The Empire State is dying. The Fissure connecting the pocket universe to New York has vanished, plunging the city into a deep freeze. Meanwhile, in 1954 New York, the political dynamic has changed and Nimrod finds his department subsumed by a new group, Atoms For Peace, led by the mysterious Evelyn McHale. As Rad uncovers a new threat to his city, Atoms For Peace prepare their army for a transdimensional invasion. Their goal: total conquest – or destruction – of the Empire State
Given the critical success of Adam Christopher’s first excursion to the Empire State, it is no surprise that we find a sequel quickly arriving. The multi-genre mash-up was a favourite of mine last year as it combined pulp detective noir with bombastic 50’s style sci-fi all wrapped up in a rollercoaster plot.
Time has marched on almost a decade, and Detective Rad Bradley is more self-assured and confident than our previous encounter with him – to his and our benefit. No longer the skittish underdog, he has matured and becomes an active, and shrewd, participant instead of being uncontrollably swept along by events. He also is given a new dynamic in the shape of sassy Special Agent Jennifer Jones.
This isn’t Christopher’s ‘difficult’ second novel, in fact it is his sixth. But it is his first sequel, and that does show. Despite his best efforts, newcomers to the series will be baffled by all the references to Empire State. It is also a very different story, but crafted in the same recognisable universe.
There’s much here to enjoy – the marching armies of robots, the evocative description of their distinctively 50’s design, the crumbling decay of the Empire State. It’s just a shame that some of the twists and turns are predictable. But for those that are, there are also moments when the rug is swept from under you.
Christopher’s knack for combining real life with fiction continues as he brings us a villain in the shape of Evelyn McHale, who famously jumped from the roof of the Empire State Building before landing, almost perfectly, on a limousine below. I’m not going to discuss the circumstances of her return but for saying that she makes a remarkably striking and disturbing villain.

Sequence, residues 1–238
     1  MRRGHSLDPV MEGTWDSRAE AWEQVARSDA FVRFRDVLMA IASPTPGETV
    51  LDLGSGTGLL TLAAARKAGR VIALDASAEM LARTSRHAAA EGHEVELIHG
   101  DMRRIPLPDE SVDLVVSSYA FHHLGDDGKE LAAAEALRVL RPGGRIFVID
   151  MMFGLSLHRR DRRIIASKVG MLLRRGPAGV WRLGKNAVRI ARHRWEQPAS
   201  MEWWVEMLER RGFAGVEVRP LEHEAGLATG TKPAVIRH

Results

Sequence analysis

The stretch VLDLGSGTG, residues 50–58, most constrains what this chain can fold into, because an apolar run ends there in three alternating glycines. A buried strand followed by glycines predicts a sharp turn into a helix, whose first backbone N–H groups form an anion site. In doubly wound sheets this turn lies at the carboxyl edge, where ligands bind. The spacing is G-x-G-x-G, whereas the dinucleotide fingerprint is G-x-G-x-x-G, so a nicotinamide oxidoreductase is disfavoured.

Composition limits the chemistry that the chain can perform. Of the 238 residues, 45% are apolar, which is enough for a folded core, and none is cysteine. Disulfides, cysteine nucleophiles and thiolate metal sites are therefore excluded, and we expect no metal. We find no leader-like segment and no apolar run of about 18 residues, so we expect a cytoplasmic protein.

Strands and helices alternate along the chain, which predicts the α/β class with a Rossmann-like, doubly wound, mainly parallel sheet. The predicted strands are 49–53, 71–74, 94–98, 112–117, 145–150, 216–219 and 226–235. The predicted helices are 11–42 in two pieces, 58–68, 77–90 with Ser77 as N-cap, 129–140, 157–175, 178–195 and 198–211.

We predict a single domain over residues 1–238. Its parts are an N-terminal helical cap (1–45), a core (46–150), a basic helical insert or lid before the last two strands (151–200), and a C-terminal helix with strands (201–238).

If Empire State was a love letter to pulp sci-fi then The Age Atomic feels more a homage to ancient creaky horror movies with its tales of bodily modification. The creepy legions of robots lining the streets of the Empire State feel like the walking dead. And with the decay of the Empire State, there’s an aspect of survival horror thrown in there too.
Like its predecessor, The Age Atomic doesn’t let up for its duration. Discussing the plot is difficult; such is the nature of the twisty plot as revelation after revelation comes to light. Frankly at times, it’s dizzying and exhausting – I had to keep referring backwards to remember what had happened. Not only do you have to juggle the plot, but also the doppelgangers of those who exist in the Empire State and New York. But the majority of readers will most likely lap up the action and be left hungry for more if the conclusion is anything to go by.
Overall, Christopher delivers again with an relentlessly entertaining, if packed, story that rightly builds on his success. Fans of funny robots, pulp detective novels and genre-bending will find much to like – so long as you’re already familiar with this new and exciting world.
The Fiction Stroker gives The Age Atomic four strokes out of five: